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He first appeared on U.S. intelligence-agency screens after the first World Trade Center attack in 1993. Hours before a truck bomb in a basement parking lot went off, Yousef flew to Pakistan, then made his way to Manila, where he hooked up with Mohammed. The bombing is not thought to have been sponsored by al-Qaeda, but investigators believe al-Qaeda leaders were so impressed by Yousef's enterprise that they resolved to support his future endeavors. The conduit, it's believed, was bin Laden's brother-in-law Muhammad Jamal Khalifa, who then headed the Philippines office of the Islamic Charitable Organization and was supposedly channeling funds to terrorist groups in Asia. According to Philippine intelligence officials, Mohammed and Yousef plotted assassination attempts against the Pope and President Clinton, as well as a scheme to hide bombs on 12 U.S. airline flights over the Pacific. They also planned an attack on CIA headquarters., using a hijacked commercial jetliner, a strategic prototype for the 9/11 strikes.
Mohammed never fit the image of a wild-eyed or even devout jihadi. With his easy smile and placid eyes, he had a reputation as a charmer and a ladies' man. When Yousef and Mohammed weren't plotting destruction together in Manila, they were partying, say Philippine intelligence agents. Mohammed took up with a bar girl he met at the Cotton Candy Club. Later he hired a helicopter and pilot to impress a female dentist he was courting. Yousef and Mohammed took their girlfriends scuba diving at beach resorts, but Mohammed remained an enigma even to the women he dated. None suspected that Mohammed, who passed himself off as a Saudi plywood exporter, was the leader of a radical Islamic cell.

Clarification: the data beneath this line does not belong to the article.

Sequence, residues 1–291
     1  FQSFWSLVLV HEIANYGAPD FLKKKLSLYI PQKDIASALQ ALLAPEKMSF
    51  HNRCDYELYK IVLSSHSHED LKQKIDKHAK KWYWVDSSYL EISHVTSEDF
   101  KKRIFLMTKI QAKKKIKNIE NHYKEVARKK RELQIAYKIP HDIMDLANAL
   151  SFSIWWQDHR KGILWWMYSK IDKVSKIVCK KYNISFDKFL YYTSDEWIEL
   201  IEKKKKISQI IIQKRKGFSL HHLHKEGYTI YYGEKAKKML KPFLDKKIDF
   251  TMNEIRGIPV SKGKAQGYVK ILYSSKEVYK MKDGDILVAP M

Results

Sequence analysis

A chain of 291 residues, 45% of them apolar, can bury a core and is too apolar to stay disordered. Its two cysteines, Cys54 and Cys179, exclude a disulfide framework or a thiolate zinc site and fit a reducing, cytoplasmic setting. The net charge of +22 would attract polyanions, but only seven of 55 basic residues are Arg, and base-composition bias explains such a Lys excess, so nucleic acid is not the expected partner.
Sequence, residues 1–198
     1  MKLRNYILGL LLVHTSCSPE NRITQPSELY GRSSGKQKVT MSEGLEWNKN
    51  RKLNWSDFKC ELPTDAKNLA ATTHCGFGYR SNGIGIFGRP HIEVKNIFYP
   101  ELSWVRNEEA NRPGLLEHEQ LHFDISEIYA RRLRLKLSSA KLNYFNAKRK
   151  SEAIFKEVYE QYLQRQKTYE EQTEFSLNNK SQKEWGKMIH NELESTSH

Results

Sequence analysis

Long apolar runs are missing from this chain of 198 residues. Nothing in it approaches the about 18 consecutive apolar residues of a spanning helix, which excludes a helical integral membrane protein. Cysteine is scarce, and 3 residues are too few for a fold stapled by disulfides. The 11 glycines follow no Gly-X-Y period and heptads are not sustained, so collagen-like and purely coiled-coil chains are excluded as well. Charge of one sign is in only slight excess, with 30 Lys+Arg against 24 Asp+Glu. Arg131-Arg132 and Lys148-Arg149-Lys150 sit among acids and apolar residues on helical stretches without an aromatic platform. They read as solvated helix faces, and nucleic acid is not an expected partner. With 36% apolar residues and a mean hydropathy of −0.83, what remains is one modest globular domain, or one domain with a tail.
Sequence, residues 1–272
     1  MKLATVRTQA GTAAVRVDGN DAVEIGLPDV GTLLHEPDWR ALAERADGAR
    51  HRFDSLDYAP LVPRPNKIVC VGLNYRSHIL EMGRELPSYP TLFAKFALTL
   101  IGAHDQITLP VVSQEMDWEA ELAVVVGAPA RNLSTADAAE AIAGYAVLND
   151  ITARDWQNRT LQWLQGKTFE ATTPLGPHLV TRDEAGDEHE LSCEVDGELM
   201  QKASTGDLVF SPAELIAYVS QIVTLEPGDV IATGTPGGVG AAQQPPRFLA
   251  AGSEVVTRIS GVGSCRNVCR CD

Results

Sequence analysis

Mohammed's plans were exposed by accident. While experimenting with explosives in January 1995, Yousef set fire to his Manila apartment and fled. Police found evidence linking him to Mohammed. Other plotters arrested in Asia named Mohammed as their ringleader. But by then he had escaped to Doha, Qatar. In 1996 he was indicted in absentia in a New York federal court for the airline-bombing plot. But when the U.S. notified Qatar that he was a wanted man, Mohammed was tipped off and fled the emirate, according to Washington intelligence sources. As for Yousef, he was captured in Pakistan in 1995 and convicted of carrying out the 1993 bombing of the World Trade Center. He is now serving life plus 240 years in a U.S. prison.
Mohammed's name would not surface again until after he helped complete the job Yousef bragged to the FBI about doing: toppling the World Trade Center towers. (Intelligence officials still can't fill that five-year gap in his dossier.) Last year in Karachi, he and Binalshibh gave an interview to an al-Jazeera TV reporter in which they spoke proudly of carrying out what they called "the martyrdom operation inside America." On camera, they provided details of the attack, disclosing coded e-mails that had referred to the Twin Towers as "the Faculty of Town Planning." They also displayed a suitcase full of souvenirs, such as handwritten notes to the hijackers, CD-ROM flight simulators and aviation charts of America's East Coast. Since Oct. 11, 2001, there has been a $25 million price on his head. Police officials aren't saying whether anyone is claiming the money.
Nor are they saying where they took Mohammed after his arrest. He is likely to end up in VIP detention, kept in isolation, like Zubaydah and Binalshibh. Mohammed faces a conga line of interrogators: U.S. military officials, the CIA, the FBI. And even if Mohammed never talks, anything found on discs, on his cell phone or in his pockets that indicates names or locations of other al-Qaeda operatives could help in finding the lower-level terrorists who look to him for command and control. Working up and down his lines of communication might prevent any attacks he was overseeing. "Clearly, he's someone who can take you back through a number of past attacks and resolve all those questions that so many of us have about the original Trade Center bombing, to the present, to future attacks," says a senior U.S. official. They might even ask him where bin Laden is.